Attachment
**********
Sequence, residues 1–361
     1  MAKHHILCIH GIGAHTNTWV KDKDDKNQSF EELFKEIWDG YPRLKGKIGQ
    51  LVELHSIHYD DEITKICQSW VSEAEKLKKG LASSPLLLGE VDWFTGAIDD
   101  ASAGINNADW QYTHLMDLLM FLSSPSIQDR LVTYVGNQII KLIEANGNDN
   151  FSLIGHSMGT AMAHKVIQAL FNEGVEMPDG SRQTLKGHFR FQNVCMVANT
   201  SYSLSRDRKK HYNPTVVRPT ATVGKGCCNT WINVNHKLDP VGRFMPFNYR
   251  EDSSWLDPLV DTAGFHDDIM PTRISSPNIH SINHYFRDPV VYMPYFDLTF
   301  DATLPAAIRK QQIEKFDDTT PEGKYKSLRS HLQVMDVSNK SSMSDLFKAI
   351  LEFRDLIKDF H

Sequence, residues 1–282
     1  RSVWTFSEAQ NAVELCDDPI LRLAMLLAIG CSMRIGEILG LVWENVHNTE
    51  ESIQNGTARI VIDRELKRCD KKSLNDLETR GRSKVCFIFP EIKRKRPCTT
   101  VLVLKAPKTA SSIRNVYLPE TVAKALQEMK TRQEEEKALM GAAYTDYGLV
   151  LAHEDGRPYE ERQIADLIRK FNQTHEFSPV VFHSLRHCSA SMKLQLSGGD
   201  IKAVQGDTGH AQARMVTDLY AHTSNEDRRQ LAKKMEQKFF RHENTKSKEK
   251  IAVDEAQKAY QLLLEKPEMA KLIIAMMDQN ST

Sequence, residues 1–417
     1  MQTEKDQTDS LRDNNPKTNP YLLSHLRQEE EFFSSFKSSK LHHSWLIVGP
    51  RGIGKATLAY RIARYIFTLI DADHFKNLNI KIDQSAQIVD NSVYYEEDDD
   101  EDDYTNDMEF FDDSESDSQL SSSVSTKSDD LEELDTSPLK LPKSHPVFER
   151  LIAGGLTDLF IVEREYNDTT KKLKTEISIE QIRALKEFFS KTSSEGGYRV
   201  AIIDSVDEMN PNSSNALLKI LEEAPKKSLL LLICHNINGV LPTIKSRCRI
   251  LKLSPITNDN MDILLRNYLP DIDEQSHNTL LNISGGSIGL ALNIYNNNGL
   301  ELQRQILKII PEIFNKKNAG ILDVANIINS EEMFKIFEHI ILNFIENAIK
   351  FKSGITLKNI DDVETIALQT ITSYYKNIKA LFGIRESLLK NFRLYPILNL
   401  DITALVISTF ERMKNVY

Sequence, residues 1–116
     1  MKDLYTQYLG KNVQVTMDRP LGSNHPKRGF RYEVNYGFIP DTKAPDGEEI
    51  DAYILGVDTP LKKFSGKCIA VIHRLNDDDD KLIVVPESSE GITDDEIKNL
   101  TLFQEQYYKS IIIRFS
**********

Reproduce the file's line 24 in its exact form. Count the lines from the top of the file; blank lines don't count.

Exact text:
   301  ELQRQILKII PEIFNKKNAG ILDVANIINS EEMFKIFEHI ILNFIENAIK